A “searing debut” about three young women coming of age, experiencing “the absurdities of life and love on the precipice of violence” (Vogue)
Yael, Avishag, and Lea grow up together in a tiny, dusty Israeli village, attending a high school made up of caravan classrooms, passing notes to each other to alleviate the universal boredom of teenage life. When they are conscripted into the army, their lives change in unpredictable ways, influencing the women they become and the friendship that they struggle to sustain. Yael trains marksmen and flirts with boys. Avishag stands guard, watching refugees throw themselves at barbed-wire fences. Lea, posted at a checkpoint, imagines the stories behind the familiar faces that pass by her day after day. They gossip about boys and whisper of an ever more violent world just beyond view. They drill, constantly, for a moment that may never come. They live inside that single, intense second just before danger erupts.
In a relentlessly energetic and arresting voice marked by humor and fierce intelligence, Shani Boianjiu, winner of the National Book Foundation’s “5 Under 35,” creates an unforgettably intense world, capturing that unique time in a young woman's life when a single moment can change everything.
I find myself disagreeing with the previous reviewer on audible.com as I find the narration very suitable to this book. The voice sounds like that of a young woman (as the protagonists are) and I loved the way the narrator pronounced the Israeli names and put a smile in her voice when appropriate. The slightly foreign tilts adds to and enhances the story, and its sound will remain in my memory for a long time.
English is only the third foreign language I have learnt and I have had no problems understanding the narration and did not need to rewind, so I can't imagine most native speakers would have any difficulties. Please don't be deterred.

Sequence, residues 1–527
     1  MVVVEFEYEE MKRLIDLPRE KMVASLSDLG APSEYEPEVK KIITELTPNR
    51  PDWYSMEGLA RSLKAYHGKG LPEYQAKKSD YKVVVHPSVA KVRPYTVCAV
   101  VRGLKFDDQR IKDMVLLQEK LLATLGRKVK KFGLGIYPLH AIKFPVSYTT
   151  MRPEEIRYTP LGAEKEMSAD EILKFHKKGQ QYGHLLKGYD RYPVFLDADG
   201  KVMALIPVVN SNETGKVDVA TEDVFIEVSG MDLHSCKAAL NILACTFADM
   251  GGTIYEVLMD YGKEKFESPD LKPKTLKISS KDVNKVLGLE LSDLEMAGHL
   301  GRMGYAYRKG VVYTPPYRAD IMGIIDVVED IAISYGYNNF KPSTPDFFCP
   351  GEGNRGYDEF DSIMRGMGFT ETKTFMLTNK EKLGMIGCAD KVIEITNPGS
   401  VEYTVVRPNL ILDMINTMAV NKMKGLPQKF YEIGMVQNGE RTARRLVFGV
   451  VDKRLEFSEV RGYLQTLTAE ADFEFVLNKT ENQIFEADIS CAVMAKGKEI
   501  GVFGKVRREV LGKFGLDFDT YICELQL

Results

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This book is fascinating in many ways, as a way to experience an aspect of life in Israel I'd never heard before. But the mix of fantasy, dream, and reality was difficult to follow; it was primarily a collection of short stories with a lot of overlapping references. The poor reader compounded my confusion. She has a beautiful voice and fine diction, but was rarely able to properly emphasize words in sentences so that they made sense. Frequently she seemed not understand the sentences herself. So I found myself constantly restating the sentences to myself to rephrase them for meaning, thus missing the next sentence and having to repeat. A frustrating read!
An enjoyable new voice - at least in parts. The specific parts being the opening sections and early chapters and then the later section in respect of Entebbe. In between the fascinating insight of a group of young girls in the Israeli army became the distinctly unfascinating continual continuum of day to day life of young girls not in the Israeli army.
Best collected and summarised in the recent New Yorker short - a distinct lack of editing here turned a very promising start into a bit of a trek across the middle desert to a happier unhappy ending.